Investing Basics


  • Generally, a predictable stream of income
  • Income typically higher than cash investments
  • Relatively lower risk compared to stocks
  • Low correlation with stock market


  • Risk of default
  • Bond values fluctuate with interest rates
  • Generally, lower potential returns compared to stocks

Types of Investments: Bonds

How do bonds work?

When you buy a bond, you're basically buying an IOU. Bonds, sometimes called fixed-income securities, are essentially loans to a corporation or governmental body. The borrower (the bond issuer) typically promises to pay the lender, or bondholder, regular interest payments until a certain date. At that point, the bond is said to have matured. When it reaches that maturity date, the full amount of the loan (the principal or face value) must be repaid.

A bond typically pays a stated interest rate called the coupon, a term that dates back to the days when a bondholder had to clip a coupon attached to the bond and mail it in to receive each interest payment. Most bonds pay interest on a fixed schedule, usually quarterly or semiannually, although some pay all interest at maturity along with the principal.

There are two fundamental ways that you can profit from owning bonds. The most obvious is the interest that bonds pay. However, you can also make money if you sell a bond for more than you paid for it. As with any security, bond prices move up and down in response to investor demand; they also are sensitive to changes in interest rates. Bonds redeemed prior to maturity may be worth more or less than their original cost, and those that seek to achieve higher yields also involve a higher degree of risk.

The role of bonds in your portfolio

One of the most important reasons that investors choose bonds is for their steady and predictable stream of income through interest payments. Bonds have traditionally been important for retirees for this reason. Also, though they are not risk-free--for example, a bond issuer could default on a payment or even fail to repay the principal--bonds are considered somewhat less risky than stocks. In part, that's because a corporation must pay interest to bondholders before it pays dividends to its shareholders. Also, if it declares bankruptcy or dissolves, bondholders are first in line to be compensated.

Ways to Classify Bonds
By maturity
  • Long-term (10+ years)
  • Intermediate (1-10 years)
  • Short-term (less than 1 year)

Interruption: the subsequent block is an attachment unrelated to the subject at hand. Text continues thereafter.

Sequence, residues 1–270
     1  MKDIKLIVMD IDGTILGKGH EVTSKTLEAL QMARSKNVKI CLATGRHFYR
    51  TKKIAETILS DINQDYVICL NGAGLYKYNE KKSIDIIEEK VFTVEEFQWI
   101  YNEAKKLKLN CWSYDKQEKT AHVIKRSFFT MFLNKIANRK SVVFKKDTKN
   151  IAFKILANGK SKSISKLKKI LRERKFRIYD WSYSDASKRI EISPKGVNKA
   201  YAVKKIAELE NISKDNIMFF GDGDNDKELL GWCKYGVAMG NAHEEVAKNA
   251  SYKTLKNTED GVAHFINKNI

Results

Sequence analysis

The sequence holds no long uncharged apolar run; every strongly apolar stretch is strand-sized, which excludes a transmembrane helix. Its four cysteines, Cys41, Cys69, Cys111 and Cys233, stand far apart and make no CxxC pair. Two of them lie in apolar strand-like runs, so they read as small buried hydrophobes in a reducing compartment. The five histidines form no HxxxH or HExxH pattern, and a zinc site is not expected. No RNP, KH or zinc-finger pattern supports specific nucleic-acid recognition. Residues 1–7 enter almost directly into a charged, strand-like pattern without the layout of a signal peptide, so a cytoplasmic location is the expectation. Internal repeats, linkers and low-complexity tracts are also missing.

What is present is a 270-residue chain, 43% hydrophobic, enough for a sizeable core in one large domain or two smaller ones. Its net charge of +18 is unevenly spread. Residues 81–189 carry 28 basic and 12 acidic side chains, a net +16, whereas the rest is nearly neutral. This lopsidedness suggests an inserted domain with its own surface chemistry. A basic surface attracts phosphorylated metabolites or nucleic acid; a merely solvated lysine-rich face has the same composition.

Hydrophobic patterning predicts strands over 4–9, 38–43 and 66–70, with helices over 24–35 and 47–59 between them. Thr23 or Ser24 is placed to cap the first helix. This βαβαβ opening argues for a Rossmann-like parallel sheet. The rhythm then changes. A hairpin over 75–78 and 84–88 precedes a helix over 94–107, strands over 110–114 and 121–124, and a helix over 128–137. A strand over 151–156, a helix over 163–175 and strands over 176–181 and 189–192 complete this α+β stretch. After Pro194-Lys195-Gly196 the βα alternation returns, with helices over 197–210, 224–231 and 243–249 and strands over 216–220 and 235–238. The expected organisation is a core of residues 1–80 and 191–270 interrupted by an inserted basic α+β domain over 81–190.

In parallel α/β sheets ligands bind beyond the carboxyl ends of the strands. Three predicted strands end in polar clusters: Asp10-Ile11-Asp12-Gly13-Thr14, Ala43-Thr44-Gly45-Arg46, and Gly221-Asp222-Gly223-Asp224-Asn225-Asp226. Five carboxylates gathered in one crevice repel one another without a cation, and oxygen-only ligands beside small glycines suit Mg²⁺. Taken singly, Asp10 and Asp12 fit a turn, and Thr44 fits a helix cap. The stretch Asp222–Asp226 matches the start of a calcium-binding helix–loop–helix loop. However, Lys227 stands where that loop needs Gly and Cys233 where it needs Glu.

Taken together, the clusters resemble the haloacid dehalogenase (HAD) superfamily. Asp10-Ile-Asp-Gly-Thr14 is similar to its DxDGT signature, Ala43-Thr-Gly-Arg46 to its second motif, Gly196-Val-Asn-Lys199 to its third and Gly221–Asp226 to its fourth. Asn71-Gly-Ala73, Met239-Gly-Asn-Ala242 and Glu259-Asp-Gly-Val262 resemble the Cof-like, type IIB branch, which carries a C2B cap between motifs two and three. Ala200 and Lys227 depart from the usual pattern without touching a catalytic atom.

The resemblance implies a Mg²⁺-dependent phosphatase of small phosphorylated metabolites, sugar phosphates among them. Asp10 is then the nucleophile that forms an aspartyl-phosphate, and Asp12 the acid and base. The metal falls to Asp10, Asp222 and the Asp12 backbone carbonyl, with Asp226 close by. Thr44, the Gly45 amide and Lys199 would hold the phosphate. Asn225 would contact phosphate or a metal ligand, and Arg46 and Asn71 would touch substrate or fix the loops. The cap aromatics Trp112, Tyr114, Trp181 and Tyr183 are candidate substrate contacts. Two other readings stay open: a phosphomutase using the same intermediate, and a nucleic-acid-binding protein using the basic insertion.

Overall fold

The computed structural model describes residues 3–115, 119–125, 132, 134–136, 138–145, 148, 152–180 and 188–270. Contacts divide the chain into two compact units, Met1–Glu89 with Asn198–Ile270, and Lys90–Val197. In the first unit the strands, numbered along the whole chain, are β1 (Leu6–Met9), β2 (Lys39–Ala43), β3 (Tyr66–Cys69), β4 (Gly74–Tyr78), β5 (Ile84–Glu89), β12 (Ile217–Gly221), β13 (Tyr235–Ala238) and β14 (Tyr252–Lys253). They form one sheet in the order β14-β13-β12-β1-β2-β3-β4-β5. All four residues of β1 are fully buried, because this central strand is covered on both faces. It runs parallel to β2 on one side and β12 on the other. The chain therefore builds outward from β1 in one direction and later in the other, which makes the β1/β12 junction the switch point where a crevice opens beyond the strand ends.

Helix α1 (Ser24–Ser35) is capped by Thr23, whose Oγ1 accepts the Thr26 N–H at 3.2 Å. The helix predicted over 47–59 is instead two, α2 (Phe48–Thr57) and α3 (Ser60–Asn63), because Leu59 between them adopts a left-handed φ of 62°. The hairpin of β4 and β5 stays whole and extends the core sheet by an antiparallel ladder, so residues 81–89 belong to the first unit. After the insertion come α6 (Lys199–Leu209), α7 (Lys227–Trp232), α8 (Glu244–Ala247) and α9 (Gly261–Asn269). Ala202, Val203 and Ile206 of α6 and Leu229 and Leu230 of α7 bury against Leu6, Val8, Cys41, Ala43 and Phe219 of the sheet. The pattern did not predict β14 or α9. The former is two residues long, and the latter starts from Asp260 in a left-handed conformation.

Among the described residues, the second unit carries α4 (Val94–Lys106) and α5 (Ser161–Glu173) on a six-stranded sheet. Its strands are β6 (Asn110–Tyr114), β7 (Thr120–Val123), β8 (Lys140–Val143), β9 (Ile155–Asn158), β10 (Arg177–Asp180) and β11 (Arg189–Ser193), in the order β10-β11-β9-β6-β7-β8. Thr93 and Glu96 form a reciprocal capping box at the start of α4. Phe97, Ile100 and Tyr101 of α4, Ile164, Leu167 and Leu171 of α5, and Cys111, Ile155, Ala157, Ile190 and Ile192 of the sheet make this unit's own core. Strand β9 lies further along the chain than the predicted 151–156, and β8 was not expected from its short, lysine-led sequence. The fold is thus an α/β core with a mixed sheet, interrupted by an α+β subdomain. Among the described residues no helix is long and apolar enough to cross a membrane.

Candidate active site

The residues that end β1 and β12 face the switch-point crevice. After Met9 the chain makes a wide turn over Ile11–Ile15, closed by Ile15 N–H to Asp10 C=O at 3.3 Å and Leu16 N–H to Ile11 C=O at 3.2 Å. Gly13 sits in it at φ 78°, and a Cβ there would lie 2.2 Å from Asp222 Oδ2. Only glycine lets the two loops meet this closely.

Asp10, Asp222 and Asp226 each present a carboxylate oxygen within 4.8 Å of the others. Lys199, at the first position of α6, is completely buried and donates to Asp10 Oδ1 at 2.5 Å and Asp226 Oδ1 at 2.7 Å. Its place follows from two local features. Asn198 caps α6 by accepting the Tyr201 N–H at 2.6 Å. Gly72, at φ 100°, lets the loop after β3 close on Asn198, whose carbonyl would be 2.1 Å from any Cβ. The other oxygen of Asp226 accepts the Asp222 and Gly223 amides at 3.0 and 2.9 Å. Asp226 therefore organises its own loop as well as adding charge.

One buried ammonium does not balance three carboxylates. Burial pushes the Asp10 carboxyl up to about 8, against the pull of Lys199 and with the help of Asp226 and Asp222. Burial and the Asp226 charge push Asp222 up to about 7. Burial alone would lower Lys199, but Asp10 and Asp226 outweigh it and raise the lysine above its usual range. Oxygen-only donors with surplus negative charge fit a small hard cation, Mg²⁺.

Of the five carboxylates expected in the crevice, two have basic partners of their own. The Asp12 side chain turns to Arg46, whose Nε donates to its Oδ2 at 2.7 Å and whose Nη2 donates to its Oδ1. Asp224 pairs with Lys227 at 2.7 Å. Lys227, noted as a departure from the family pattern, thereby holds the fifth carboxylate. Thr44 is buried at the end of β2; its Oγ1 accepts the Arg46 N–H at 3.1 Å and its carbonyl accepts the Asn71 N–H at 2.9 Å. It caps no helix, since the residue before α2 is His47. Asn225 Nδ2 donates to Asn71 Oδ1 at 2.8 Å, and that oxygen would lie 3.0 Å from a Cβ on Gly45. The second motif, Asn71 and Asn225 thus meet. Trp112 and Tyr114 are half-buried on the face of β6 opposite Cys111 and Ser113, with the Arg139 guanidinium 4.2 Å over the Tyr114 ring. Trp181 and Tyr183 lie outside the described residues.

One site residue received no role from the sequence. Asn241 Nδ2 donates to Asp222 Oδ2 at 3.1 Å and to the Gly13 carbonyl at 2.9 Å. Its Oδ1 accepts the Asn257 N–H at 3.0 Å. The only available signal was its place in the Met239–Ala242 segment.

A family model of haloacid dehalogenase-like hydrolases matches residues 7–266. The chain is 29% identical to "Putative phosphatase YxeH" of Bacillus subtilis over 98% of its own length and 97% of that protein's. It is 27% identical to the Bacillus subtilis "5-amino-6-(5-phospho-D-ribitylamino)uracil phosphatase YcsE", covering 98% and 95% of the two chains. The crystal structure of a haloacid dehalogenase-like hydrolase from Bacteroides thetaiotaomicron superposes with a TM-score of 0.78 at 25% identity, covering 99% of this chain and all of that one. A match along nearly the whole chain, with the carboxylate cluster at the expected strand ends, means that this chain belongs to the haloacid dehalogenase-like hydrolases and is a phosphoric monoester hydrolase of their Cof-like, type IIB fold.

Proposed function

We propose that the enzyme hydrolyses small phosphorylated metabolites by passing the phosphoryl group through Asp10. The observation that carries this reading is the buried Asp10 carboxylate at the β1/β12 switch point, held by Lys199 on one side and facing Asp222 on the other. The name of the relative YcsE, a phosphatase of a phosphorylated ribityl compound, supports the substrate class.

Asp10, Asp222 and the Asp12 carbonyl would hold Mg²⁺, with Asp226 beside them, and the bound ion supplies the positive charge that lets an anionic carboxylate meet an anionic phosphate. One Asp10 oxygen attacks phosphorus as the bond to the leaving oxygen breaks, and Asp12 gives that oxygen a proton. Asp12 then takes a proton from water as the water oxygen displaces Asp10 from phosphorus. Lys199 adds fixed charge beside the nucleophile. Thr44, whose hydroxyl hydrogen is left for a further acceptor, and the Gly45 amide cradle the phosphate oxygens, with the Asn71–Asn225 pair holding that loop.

By issuer
  • Corporate
  • Municipal
  • U.S. Treasury
  • Government-sponsored entities
  • Foreign corporations and governments
By quality
  • Investment grade
  • High yield ("junk")
By tax status
  • Tax-exempt: municipal bonds (generally exempt from federal tax)
  • Taxable: corporate, U.S. Treasury (exempt from most state and local tax)

The bond market often behaves very differently from stocks. For example, when stock prices are down, investors often prefer bonds because of their relative stability and interest payments. Also, when interest rates are high, bond returns can be attractive enough that investors decide not to assume the greater risk of stocks. Interest from bonds can help balance stock fluctuations and increase a portfolio's stability. And because a bond's face value gets repaid upon maturity, you can choose a bond that matures when you need the money.

Some bonds are exempt from federal or state and local income tax. This can be appealing to investors in high tax brackets.

IMPORTANT DISCLOSURES Broadridge Investor Communication Solutions, Inc. does not provide investment, tax, legal, or retirement advice or recommendations. The information presented here is not specific to any individual's personal circumstances. To the extent that this material concerns tax matters, it is not intended or written to be used, and cannot be used, by a taxpayer for the purpose of avoiding penalties that may be imposed by law. Each taxpayer should seek independent advice from a tax professional based on his or her individual circumstances. These materials are provided for general information and educational purposes based upon publicly available information from sources believed to be reliable — we cannot assure the accuracy or completeness of these materials. The information in these materials may change at any time and without notice.

Prepared by Broadridge Investor Communication Solutions, Inc. Copyright 2024.